Tiny houses are everywhere---including magazines, newspapers, and even reality TV. But are tiny homes truly cost-efficient? We investigate.

Many people love the idea of a tiny home—it’s a way to clear out all the unwanted things in your life, build better personal relationships, and get closer to nature.

But the tiny house lifestyle is just that, a lifestyle—it works from some, but not others.

Living in a tiny home is not as inexpensive as those reality shows may make it seem, and living without excess is more difficult than we might imagine.

Here’s the real cost of building a tiny house. 

Consider all expenses, not just the house itself

You may see pictures of fully formed tiny homes and think they’re the coolest things in the world. You’re not wrong—they are pretty amazing—but a lot of work goes into creating these tiny spaces. There’s a whole list of things you need to consider before embarking on a tiny house journey.


Unlike a house, trailer, or apartment, most people choose to build a tiny house from scratch. This obviously takes time.

There are very small houses you can build in a few days if you have the know-how and the help, but then you’ll need to put in kitchen appliances, sewer, and wire it for electricity. Unless you’re a professional that knows how to do so, you’ll have to wait on others to come out and do it for you.

Building and labor

If you can’t take the time to build your house and hire someone to do it for you or you want one that’s already built, you’re going to be spending a lot of money at first.

One of the main features of a tiny home is its mobility, so you’ll have to buy a trailer to have the house built on. These typically costs a couple hundred dollars or more, depending on size.

Then there’s the cost of the house itself. A decent, sustainable home, including the price of materials and utilities, costs about as much as an average house down payment.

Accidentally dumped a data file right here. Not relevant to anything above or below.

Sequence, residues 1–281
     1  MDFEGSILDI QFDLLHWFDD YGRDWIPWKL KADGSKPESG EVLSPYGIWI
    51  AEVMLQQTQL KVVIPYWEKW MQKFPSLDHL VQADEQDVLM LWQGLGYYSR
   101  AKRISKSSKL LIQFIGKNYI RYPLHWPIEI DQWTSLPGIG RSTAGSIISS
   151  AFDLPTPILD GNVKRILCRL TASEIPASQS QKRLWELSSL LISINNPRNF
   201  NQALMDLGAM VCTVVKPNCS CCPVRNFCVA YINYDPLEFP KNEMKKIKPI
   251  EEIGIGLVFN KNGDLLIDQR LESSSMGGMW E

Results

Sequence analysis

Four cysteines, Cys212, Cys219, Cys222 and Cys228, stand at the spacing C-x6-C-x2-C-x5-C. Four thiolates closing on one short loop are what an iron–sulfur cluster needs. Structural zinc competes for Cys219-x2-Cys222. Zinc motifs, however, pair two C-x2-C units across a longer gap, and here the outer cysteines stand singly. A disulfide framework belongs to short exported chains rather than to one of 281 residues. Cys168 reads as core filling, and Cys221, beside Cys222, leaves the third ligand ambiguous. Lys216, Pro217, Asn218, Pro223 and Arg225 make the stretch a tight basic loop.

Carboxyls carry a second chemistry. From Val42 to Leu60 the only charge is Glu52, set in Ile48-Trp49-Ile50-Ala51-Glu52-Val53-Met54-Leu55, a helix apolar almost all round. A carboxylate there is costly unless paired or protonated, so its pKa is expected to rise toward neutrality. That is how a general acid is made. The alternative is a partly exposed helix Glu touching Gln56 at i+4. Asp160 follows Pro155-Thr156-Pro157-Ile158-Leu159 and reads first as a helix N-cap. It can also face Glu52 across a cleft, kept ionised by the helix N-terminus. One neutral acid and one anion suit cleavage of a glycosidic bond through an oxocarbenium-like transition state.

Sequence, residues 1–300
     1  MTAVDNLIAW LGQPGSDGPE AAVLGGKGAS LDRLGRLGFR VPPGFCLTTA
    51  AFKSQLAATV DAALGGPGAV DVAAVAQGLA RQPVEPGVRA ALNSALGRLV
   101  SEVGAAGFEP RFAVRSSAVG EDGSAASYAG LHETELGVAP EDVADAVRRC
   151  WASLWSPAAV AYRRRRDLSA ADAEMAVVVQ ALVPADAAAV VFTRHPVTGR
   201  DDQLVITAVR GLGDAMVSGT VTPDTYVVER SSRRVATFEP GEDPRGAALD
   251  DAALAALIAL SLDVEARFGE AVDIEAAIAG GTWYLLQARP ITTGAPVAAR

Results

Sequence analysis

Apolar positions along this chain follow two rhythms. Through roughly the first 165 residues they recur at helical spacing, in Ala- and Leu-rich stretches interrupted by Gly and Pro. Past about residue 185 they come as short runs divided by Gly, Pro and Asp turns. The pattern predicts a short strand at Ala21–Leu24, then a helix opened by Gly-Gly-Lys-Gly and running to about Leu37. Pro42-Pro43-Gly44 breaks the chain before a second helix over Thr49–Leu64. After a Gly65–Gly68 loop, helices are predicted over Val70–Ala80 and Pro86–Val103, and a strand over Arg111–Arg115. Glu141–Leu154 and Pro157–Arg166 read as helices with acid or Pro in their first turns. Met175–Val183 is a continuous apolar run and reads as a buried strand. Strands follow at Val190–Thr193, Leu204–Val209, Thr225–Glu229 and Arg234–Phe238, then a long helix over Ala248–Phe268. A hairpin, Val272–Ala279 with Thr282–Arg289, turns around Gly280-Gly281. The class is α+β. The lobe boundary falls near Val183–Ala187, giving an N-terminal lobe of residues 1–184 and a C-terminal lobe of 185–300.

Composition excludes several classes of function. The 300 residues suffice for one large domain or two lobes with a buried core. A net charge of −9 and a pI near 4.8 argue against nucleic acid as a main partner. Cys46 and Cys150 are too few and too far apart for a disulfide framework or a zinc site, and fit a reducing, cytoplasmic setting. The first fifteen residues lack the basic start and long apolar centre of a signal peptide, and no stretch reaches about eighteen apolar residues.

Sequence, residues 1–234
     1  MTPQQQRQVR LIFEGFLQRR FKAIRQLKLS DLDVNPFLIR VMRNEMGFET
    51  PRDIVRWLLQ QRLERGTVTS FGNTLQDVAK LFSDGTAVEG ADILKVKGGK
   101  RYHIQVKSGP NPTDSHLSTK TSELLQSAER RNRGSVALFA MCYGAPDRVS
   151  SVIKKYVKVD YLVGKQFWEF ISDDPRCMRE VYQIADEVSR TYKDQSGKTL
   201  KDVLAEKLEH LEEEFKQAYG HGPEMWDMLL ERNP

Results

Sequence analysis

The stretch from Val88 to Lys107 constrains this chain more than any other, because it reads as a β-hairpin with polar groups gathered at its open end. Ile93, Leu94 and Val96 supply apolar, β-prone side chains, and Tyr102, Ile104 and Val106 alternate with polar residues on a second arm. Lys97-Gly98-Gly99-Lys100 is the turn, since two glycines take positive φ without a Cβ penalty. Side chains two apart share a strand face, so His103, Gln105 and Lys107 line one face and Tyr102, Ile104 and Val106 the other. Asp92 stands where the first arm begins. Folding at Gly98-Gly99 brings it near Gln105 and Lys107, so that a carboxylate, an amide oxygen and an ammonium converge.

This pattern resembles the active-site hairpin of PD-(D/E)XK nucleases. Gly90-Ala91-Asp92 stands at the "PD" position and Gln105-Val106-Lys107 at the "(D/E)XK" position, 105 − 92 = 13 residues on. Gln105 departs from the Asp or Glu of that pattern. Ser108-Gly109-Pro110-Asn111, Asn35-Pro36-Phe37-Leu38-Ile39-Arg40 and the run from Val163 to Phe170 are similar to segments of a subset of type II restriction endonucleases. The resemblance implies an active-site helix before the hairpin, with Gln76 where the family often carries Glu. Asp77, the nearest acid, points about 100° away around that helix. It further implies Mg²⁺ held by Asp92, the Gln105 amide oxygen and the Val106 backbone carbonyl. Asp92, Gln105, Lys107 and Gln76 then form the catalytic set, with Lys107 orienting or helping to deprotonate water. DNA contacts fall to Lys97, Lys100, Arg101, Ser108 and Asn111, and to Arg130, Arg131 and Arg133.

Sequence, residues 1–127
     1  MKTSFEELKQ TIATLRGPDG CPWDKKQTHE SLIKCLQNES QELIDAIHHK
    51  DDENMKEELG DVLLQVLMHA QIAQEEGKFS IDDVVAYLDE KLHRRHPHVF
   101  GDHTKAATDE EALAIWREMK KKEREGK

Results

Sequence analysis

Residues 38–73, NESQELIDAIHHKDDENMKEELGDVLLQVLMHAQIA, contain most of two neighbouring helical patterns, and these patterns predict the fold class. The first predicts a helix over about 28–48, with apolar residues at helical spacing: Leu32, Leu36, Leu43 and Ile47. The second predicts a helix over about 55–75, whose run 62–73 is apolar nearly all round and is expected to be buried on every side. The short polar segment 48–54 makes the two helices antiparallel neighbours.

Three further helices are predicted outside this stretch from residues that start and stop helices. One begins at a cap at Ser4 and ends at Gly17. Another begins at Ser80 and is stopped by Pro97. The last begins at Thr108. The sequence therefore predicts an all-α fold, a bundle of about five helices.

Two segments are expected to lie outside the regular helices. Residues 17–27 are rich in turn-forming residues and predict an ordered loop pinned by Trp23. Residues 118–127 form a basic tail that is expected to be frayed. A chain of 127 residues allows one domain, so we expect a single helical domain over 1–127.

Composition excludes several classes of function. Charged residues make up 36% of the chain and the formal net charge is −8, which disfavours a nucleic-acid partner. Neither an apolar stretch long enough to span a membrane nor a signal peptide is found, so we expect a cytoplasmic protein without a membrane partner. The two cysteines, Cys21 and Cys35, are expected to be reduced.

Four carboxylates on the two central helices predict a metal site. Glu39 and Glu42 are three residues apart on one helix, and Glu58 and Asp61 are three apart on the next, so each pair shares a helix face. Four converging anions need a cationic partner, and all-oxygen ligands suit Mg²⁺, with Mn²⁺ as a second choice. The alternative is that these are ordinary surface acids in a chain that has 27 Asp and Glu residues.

One company prices their smallest, 8 x 12 home at $25,000. But you can also buy basic, already built homes for a couple thousand dollars from this company, or even as low as $1,000 from this company. The price all depends on how long you want your house to last and what amenities you want it to come with.


There’s no getting around it, buying a piece of land costs a lot and will vary depending on where you are and how much land you want.

If you’re lucky enough to have family or friends that are willing to give or rent you land, that’s where you’d be able to save.

RV parks, campgrounds, and trailer parks are your best bet for cheaper, temporary dwellings, but some parks have limits on the type of trailer they’ll allow—sometimes excluding tiny homes.

If you know people who want to start a tiny house community, you could even consider creating a cooperative that can purchase land in a more rural area where it’s significantly cheaper. That’s what this community did in North Carolina.

Before buying land, take your geographic location into consideration. There’s a reason there are larger tiny home communities in specific areas like Oregon, Southern California, and New Mexico—these places tend to be more community-oriented and there aren’t particularly harsh winters.


Utilities are probably where you’ll save most of your money in the long run after your home is built. A smaller place means less heat, electricity, and large appliances.

The perks of living in an RV or trailer park is you’ll have easier access to utilities. If you buy land or borrow land from family or friends, you’ll need to take care of the electricity, septic system, and internet access yourself—this will also be a very high initial cost.

Basic lifestyle needs (furniture, trailer maintenance, etc.)

Like any house, you have to furnish a tiny home. Since they have a severe space limit, chances are you can only fit one, maybe two beds and a couch. This saves you from having an excess amount of furniture and can also save you quite a bit of money, but factor it into your budget.

If your house is built on a trailer and you ever plan on traveling with it, you need to consider two large costs—maintaining the trailer itself and a vehicle sturdy enough to actually pull your home.

While the traveling house community is even smaller than the tiny house community as a whole, it’s important to understand the additional cost. Tiny homes are often heavier than campers or even some RVs, which were built with travel in mind, so you’ll have to factor in the cost of the large truck or jeep you’ll most likely need to pull it.

How to finance a tiny house

Other than simple living, one of the major reasons people want to move into tiny houses is the savings it can provide. However, initial savings aren’t necessarily large when it comes to building a tiny house.